When Moses demanded that Pharaoh let the Israelites go, he said that they had been commanded to assemble in the wilderness to offer sacrifice and to serve Yahweh in worship (Ex. 3:18; 5:1, 3; 8:1). The Sinai “assembly” was the fulfillment of that demand.
What defined Israel as the “church of God” was the fact that the people gathered in Yahweh’s presence for worship, and the church in the new covenant is likewise a liturgical assembly. When the writer to the Hebrews says that the new covenant church is characterized by fellowship with angels and glorified saints, he is saying, by definition, that this fellowship characterizes our assemblies.
The fact that the Christian church is pictured as joining an assembly on a mountain is also significant. In the Old Testament, places of worship were established on mountains, because mountains were symbolic meeting points of heaven and earth. A high mountain touched the sky, piercing through the firmament into another realm.
Israel’s “ascent to heaven” in worship was not, however, merely a symbolic movement into heaven. Throughout the Old Testament, God’s presence was signified by the “glory cloud,” which resided in the Most Holy Place of the tabernacle and temple. When the tabernacle was completed, the cloud filled the Most Holy Place (Ex. 40:34–38), and the same thing occurred at the completion of the temple (1 Kings 8:10–11). Because the God of heaven had put His name there, Israel’s sanctuaries were literally places where heaven touched earth. Israel’s ascent to the temple mount was truly an ascent to heaven on earth. Israel was the people of the God of heaven at all times and places, but they actually approached the heaven of this God only when they assembled at His house. God was with them always, but He met with the people in a special way on the mountain.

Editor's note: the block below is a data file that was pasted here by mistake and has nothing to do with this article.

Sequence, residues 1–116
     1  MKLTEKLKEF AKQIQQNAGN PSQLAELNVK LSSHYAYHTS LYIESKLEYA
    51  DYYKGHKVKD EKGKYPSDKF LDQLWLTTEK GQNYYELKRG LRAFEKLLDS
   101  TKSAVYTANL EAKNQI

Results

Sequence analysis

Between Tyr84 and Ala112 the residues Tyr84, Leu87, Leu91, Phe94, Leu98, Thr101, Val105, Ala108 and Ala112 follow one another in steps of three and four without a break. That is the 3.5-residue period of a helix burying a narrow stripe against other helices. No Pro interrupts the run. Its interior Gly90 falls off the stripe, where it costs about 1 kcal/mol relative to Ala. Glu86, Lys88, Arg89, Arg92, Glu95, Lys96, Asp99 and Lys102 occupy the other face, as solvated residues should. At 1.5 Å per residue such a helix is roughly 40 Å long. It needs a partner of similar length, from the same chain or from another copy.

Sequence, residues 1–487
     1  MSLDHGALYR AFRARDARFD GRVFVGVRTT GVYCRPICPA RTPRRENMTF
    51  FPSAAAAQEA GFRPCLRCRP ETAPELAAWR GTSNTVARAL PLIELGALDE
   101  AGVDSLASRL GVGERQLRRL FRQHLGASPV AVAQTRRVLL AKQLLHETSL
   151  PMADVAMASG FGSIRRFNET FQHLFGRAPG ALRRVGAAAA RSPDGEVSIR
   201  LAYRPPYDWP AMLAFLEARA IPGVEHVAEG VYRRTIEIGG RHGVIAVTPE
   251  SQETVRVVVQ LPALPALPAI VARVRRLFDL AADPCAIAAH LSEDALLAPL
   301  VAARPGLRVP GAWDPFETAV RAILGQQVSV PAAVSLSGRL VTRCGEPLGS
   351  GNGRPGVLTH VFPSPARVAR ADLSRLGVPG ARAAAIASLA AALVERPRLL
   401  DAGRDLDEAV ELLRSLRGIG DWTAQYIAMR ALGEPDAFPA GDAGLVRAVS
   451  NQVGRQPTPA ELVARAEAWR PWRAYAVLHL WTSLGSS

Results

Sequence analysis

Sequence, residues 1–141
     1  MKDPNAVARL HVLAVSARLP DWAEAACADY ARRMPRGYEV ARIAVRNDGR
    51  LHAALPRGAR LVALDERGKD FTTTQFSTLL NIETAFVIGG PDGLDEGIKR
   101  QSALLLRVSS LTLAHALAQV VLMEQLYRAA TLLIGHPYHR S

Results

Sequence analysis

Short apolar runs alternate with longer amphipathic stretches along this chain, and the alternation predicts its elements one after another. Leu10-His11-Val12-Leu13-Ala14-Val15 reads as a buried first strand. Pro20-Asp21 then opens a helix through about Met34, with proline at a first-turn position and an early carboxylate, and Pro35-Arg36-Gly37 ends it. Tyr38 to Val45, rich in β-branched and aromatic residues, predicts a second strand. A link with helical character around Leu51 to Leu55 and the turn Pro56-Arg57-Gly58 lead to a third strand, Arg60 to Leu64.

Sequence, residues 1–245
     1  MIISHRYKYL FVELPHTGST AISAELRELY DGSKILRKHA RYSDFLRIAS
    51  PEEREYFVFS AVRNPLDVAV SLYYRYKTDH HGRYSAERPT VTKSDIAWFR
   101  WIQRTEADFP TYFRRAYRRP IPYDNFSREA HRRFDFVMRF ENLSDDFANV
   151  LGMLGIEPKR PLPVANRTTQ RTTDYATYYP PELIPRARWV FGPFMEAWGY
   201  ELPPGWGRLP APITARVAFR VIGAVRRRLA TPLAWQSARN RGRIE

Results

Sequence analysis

The glory that marked Yahweh’s presence in the Old Testament was carried on wings of cherubim. According to Deuteronomy 33:2, the Lord came to Sinai in the midst of “ ‘ten thousands of saints.’ ” When Ezekiel had a chance to look closely at the cloud, he saw living beings within it, with four faces and four wings (Ezek. 1). This was the same cloud that had resided in, and now was abandoning, the temple (Ezek. 10:1–5; 11:22–25; cf. 43:1–5). Ascending to the sanctuary was not only an ascent to the Lord’s presence, but to the place where the “angels and archangels and all the company of heaven” gathered around Yahweh’s throne.
If all this was true of Israel, how much more is it true of us, who worship through the ministry of a heavenly High Priest? At Pentecost, the glory cloud descended on the assembled church and consecrated it as the new temple of God, the new meeting place of heaven and earth, the new mountain of the house of the Lord. Given the Old Testament typology of mountain-top sanctuaries, however, Hebrews 12 is not speaking about a general fellowship with the heavenly church but about a specific fellowship that occurs in worship. When the church meets in the name of Jesus, He is there in the midst, and with Him is the joyful assembly that worships continually before His face. When the church gathers, she ascends to Zion, heaven kisses earth, and the church above embraces the church below.